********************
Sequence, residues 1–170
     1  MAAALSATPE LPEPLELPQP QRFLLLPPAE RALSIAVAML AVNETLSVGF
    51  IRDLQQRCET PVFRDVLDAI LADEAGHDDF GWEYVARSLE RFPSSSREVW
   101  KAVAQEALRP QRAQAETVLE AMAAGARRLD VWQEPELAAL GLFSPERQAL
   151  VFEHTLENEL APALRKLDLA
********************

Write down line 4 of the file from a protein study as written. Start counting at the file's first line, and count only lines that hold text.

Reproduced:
   101  KAVAQEALRP QRAQAETVLE AMAAGARRLD VWQEPELAAL GLFSPERQAL